“I accuse you of a wasted life. The penalty for that is death.”
A French prisoner (Steve McQueen) sent to Devil’s Island offers protection to a wealthy forger (Dustin Hoffman) in exchange for monetary help in attempting to escape.
Based on a heavily fictionalized memoir by Henri Charriere, this epic prison escape film — co-scripted by Dalton Trumbo and directed by Franklin J. Schaffner after his successes with Planet of the Apes (1968), Patton (1970), and Nicholas and Alexandra (1971) — offers a potent mix of gorgeous scenery and harrowing brutality. Knowing McQueen’s “Papillon” (so-named because of a prominent butterfly tattoo on his chest) will eventually escape mitigates a bit of the horror, but there’s no denying we see the worst of humanity on display at Devil’s Island (the now-defunct prison at St-Laurent-du-Maroni in French Guiana, with sets fully recreated for this movie). Adding to the overall bleakness is Papillon’s constant existential grappling with the meaning of life; what in the heck is the point of all this, anyway? It’s not quite clear. Meanwhile, there is little to do but wait things out and see how he and Hoffman manage to survive.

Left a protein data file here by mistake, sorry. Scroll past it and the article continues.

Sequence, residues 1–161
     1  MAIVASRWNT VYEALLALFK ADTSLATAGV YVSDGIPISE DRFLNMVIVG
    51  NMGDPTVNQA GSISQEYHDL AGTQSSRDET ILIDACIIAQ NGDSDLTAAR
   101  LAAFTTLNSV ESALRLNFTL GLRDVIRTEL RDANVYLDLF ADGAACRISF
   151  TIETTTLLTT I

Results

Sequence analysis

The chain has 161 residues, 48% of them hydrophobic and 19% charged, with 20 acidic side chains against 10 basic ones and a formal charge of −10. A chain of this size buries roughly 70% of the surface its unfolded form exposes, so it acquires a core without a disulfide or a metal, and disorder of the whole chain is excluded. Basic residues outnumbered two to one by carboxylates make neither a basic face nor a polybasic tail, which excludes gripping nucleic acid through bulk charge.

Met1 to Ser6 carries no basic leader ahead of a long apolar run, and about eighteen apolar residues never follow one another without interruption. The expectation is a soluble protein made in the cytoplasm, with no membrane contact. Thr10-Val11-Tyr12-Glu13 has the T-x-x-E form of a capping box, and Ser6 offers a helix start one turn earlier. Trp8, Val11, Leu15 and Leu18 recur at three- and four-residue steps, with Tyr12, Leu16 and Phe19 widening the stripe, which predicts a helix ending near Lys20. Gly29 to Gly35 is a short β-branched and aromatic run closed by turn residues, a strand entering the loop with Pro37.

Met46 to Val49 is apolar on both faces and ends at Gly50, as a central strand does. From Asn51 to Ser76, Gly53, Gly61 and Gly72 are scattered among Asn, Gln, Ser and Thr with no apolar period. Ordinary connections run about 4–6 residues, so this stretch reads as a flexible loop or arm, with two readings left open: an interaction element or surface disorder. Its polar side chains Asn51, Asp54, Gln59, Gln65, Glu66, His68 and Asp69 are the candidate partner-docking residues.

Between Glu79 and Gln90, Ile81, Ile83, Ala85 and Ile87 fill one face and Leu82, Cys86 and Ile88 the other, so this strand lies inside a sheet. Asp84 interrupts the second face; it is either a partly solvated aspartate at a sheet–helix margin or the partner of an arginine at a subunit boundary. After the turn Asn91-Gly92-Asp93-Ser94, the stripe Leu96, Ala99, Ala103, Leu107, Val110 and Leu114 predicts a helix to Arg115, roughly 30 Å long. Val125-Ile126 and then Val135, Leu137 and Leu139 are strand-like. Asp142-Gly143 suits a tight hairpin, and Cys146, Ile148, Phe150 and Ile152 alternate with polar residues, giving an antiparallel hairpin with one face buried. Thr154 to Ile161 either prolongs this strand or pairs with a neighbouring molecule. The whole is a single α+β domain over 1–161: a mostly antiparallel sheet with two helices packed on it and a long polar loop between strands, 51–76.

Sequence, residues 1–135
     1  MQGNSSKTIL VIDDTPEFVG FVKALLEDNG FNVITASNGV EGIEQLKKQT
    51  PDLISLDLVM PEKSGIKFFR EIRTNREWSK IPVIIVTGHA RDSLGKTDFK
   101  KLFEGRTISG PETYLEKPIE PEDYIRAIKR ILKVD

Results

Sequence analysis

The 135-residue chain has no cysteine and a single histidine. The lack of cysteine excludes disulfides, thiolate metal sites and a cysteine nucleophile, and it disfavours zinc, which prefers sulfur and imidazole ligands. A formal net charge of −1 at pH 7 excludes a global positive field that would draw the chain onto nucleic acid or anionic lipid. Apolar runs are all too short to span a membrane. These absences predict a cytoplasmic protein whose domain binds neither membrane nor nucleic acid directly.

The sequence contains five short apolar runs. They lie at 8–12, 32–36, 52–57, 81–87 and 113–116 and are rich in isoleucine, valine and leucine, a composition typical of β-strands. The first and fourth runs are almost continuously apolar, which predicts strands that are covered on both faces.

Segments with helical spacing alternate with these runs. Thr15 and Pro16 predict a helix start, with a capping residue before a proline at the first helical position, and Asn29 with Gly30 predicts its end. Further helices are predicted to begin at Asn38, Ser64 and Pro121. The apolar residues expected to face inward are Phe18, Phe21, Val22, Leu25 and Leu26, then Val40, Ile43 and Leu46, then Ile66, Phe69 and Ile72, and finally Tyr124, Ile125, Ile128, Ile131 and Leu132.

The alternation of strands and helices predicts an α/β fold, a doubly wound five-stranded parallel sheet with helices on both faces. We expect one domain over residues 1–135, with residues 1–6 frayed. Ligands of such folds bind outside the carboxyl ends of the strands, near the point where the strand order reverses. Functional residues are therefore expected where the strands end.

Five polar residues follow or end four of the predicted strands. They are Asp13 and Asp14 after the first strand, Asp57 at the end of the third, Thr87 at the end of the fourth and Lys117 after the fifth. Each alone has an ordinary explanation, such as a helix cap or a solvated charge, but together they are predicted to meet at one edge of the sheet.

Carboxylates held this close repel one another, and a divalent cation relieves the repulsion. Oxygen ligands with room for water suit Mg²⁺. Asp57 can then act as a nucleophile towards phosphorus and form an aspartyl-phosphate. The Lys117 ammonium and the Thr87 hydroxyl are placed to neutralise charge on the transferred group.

Redeeming Qualities and Moments:
- Steve McQueen as Papillon
- Fred Koenekamp’s cinematography
- Jerry Goldsmith’s score
No, though it’s worth a one-time look.
(Listed in 1001 Movies You Must See Before You Die)